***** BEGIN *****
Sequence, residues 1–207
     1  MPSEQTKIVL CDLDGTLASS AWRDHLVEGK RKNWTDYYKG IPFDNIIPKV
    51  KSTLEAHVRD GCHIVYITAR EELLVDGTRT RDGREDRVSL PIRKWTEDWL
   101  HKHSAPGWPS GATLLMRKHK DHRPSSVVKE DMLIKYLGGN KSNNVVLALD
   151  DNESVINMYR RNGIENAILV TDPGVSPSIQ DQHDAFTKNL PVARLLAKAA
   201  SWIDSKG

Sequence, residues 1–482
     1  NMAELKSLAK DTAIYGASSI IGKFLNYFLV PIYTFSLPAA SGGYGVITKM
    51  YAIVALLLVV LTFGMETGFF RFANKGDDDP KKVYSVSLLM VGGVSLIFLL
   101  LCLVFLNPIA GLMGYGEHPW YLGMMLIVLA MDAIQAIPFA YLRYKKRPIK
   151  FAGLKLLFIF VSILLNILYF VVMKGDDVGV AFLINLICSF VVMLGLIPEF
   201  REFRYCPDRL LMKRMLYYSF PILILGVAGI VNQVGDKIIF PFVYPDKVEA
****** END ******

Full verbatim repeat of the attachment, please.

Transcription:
Sequence, residues 1–207
     1  MPSEQTKIVL CDLDGTLASS AWRDHLVEGK RKNWTDYYKG IPFDNIIPKV
    51  KSTLEAHVRD GCHIVYITAR EELLVDGTRT RDGREDRVSL PIRKWTEDWL
   101  HKHSAPGWPS GATLLMRKHK DHRPSSVVKE DMLIKYLGGN KSNNVVLALD
   151  DNESVINMYR RNGIENAILV TDPGVSPSIQ DQHDAFTKNL PVARLLAKAA
   201  SWIDSKG

Sequence, residues 1–482
     1  NMAELKSLAK DTAIYGASSI IGKFLNYFLV PIYTFSLPAA SGGYGVITKM
    51  YAIVALLLVV LTFGMETGFF RFANKGDDDP KKVYSVSLLM VGGVSLIFLL
   101  LCLVFLNPIA GLMGYGEHPW YLGMMLIVLA MDAIQAIPFA YLRYKKRPIK
   151  FAGLKLLFIF VSILLNILYF VVMKGDDVGV AFLINLICSF VVMLGLIPEF
   201  REFRYCPDRL LMKRMLYYSF PILILGVAGI VNQVGDKIIF PFVYPDKVEA